Tuesday, 29 October 2019 10:40

At last a deal on climate change — Editorial

Written by  Staff Reporters
Finally, farmers and the government are working together. Finally, farmers and the government are working together.

OPINION: Primary sector bosses and Government ministers waxed lyrical at a news conference at Parliament on the new deal on agricultural emissions.

It seems the Government has taken farmers’ word that they can cut farm emissions in a way better than the very prescriptive approach the Government was proposing a few months ago.

The news conference heard farming’s two representatives say they were “very proud” to be associated with the agreement and to feel listened to by the Government. They were seeking practical, effective outcomes and believe that the deal will achieve this.

They said farming will work with the Government to design a pricing mechanism whereby any price is part of a broader framework to incentivise the uptake of economically viable opportunities which contribute to lower global emissions. 

Both sides are describing this as a win-win deal, and in fairness it was probably the best that both sides could have hoped for. It’s likely that some farmers will be unhappy and that some ‘green’ elements of the Government may feel aggrieved and claim that farmers are being treated as a special case.

Already Greenpeace is labelling the deal “a sellout”, accusing the Government of buckling to lobbying pressure from the dairy industry and big agribusiness.

For its part, Federated Farmers is happy to be working with the Government via ‘He Waka Eke Noa’ commitment but it continues to oppose agriculture entering the ETS.

Its position remains that He Waka Eke Noa is clear that the ETS has not worked to reduce emissions and will not work for agriculture.

The question that remains is whether this new Bill and proposed solutions will take some pressure off farmers and give them certainty. 

One could say it may help, but there are still lots of other issues to be resolved on the environmental front, notably water and farmers’ about land use change.

Much is said about helping farmers deal with climate change and the challenge will be how to get the message out to the wider farming sector.  A lot of this will likely fall on industry good organisations such as DairyNZ. 

At this stage it looks hopeful as most parties go forward with goodwill.

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Lely offerings for the future

Dutch robotic specialist Lely launched a new farm management application called Horizon at its recent Future Farm Days 2020.

Designed to connect data from a range of on-farm equipment and suppliers into one management system, it creates a real-time decision-support platform, to make the farmer’s life easier, the herd healthier and the farm more profitable, says Lely.

Developed over a 24-month period, with over 100 test farmers in seven countries, working with 75 engineers, designers, farm management advisors, veterinarians and AI specialists, the new application will eventually replace the current Lely T4C management system. It uses smart algorithms and the cloud to deliver data that is processed into actionable information that is always accessible on any device in a user-friendly way.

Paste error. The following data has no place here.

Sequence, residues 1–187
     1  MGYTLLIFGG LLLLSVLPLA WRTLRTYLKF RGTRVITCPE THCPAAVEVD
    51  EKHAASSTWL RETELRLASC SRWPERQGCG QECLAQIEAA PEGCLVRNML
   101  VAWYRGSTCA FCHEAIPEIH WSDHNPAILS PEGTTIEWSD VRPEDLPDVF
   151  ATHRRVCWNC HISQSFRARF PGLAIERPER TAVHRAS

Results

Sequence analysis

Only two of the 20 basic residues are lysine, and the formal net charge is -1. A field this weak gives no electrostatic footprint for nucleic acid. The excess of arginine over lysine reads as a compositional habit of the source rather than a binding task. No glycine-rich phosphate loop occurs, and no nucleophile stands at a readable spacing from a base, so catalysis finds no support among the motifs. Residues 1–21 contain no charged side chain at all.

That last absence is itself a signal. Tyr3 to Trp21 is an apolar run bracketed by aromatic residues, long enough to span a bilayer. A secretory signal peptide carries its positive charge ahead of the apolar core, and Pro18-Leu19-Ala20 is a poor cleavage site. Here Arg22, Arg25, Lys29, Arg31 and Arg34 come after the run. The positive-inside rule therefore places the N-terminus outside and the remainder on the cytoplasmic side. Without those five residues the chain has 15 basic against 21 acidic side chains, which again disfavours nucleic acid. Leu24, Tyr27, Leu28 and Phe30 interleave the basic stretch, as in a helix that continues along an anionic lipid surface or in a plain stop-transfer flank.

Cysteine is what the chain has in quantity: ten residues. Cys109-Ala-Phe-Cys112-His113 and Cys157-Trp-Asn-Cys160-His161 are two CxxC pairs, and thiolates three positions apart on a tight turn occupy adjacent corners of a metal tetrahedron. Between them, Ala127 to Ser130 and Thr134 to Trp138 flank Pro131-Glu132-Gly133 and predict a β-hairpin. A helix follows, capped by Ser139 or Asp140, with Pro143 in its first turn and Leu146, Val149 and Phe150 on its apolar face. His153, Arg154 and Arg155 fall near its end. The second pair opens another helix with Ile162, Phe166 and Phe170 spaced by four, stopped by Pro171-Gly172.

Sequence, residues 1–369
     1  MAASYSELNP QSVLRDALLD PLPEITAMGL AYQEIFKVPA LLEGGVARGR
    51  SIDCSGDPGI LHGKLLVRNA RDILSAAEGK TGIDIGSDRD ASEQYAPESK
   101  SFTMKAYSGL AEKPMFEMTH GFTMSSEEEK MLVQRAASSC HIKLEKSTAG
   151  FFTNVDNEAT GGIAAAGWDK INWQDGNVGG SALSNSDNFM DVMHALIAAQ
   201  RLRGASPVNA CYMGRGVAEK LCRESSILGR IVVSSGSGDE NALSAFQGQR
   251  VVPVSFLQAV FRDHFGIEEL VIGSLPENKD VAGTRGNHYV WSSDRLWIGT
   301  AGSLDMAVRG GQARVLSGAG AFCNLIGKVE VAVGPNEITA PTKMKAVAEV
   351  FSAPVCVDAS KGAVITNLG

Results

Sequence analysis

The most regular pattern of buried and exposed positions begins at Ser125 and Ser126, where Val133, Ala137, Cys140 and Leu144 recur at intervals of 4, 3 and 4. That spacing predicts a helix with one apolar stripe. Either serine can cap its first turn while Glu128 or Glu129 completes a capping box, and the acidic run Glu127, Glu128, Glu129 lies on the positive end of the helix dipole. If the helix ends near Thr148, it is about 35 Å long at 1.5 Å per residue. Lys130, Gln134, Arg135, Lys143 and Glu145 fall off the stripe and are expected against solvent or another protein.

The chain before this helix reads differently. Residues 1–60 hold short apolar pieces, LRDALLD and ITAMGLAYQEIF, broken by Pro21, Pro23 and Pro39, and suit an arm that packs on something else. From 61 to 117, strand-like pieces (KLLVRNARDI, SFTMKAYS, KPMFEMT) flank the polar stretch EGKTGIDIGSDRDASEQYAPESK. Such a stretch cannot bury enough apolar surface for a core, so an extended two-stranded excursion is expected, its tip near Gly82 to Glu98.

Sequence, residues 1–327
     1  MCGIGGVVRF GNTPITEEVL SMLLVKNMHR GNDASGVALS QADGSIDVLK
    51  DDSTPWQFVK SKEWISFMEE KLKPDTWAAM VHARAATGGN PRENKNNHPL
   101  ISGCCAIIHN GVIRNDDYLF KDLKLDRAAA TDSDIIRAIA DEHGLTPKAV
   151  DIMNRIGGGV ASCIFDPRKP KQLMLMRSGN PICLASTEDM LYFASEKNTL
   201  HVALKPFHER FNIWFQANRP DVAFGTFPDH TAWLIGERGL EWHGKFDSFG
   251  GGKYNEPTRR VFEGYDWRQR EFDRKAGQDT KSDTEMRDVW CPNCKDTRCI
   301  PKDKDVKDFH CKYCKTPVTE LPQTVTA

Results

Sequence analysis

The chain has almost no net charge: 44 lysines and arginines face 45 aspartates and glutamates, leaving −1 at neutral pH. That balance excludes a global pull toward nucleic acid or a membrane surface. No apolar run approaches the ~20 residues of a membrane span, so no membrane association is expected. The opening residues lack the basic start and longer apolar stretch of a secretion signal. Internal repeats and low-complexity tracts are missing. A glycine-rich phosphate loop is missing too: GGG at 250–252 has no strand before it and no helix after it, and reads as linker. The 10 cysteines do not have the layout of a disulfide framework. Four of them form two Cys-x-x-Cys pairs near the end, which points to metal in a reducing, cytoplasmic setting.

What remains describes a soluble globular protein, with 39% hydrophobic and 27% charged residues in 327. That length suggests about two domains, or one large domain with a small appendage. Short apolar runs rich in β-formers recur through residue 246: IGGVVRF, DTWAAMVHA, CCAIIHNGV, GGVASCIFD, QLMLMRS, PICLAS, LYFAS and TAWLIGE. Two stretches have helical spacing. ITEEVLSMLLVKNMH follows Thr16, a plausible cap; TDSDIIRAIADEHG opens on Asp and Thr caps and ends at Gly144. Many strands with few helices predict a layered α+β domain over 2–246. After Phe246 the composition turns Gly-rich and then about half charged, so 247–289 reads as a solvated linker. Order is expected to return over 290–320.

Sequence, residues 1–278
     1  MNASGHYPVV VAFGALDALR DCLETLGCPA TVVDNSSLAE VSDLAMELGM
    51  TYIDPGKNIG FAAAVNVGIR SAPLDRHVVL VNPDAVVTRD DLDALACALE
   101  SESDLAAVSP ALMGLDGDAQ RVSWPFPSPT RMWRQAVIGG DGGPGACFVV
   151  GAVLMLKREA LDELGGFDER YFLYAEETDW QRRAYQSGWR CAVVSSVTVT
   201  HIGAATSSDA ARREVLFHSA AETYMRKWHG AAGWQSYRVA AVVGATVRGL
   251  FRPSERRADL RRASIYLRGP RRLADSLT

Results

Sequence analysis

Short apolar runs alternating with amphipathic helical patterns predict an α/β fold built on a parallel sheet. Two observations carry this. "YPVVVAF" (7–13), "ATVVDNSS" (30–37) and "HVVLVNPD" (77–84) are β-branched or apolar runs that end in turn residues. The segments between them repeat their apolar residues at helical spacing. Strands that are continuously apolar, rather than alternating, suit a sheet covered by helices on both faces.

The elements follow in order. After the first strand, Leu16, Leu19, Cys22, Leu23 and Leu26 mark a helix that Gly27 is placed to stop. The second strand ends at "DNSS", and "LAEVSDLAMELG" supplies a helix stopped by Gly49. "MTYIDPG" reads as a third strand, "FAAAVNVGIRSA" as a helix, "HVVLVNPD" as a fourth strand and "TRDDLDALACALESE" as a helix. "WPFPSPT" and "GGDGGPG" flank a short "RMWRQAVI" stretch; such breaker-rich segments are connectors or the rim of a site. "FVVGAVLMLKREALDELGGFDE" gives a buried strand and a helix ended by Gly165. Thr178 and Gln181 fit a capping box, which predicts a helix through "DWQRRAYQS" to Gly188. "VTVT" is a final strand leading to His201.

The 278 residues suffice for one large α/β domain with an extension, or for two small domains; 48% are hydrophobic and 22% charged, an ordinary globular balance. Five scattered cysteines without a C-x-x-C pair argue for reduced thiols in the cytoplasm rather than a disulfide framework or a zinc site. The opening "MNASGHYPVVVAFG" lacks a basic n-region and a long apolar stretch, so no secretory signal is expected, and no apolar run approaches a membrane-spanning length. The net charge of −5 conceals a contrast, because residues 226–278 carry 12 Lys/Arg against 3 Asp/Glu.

Lely claims the Horizon application unburdens farmers from routine decision making and helps them optimise their workloads, using integrated routines based on easily scheduled cow ‘touches’, create logical and more efficient workflows. It is also possible to assign a certain task to an employee and to schedule a time slot for the cow touch, rather than analysing different reports and filtering long lists.

Horizon is also able to connect and combine data from non-Lely sources into a complete solution for the farmer removing the need to enter the same data twice, while scrutinising individual data streams in different applications will no longer be necessary. Currently, connections with farming applications such as Dairy Comp, Uniform-Agri, CRV and Herde already enable farmers to synchronise information about calving and inseminations between applications. Lely’s ambition is to connect with more partners over time, to hand the farmer more smart data.

To ensure full support in the migration to Lely Horizon, existing Lely T4C customers will be personally informed by their Lely Center before the end of 2020.

The migration is planned in a phased approach, from country to country, over the year 2021.

Also launched at the event, Lely Exos is an autonomous concept for harvesting and feeding fresh grass to the herd.

The company suggests that feeding fresh grass makes better use of available roughage, suggesting “fresh” has between 10 and 20% more nutritional value than grass silage, as there are minimal losses typically seen during mowing, tedding, raking, harvesting and feeding.

Lely suggests that feeding fresh grass over an extended season reduces the amount of silage that has to be conserved, reduces the need for concentrates and bought-in feed and increase the margin made on each litre of milk produced.

Based around an all-electric vehicle that mows and feeds, Exos is light weight and uses soil friendly technology, that can be exploited throughout the growing season. Design to work 24/7 as feed requirements change, the system places no constraints on labour or time, while it is also designed to work in tandem with the Lely Vector automatic feeding systems.

In operation, Exos also collects field data as it goes about its job, giving framers live data on grass supply and lending itself to a further concept of delivering a targeted liquid fertiliser as it passes over a harvested area.

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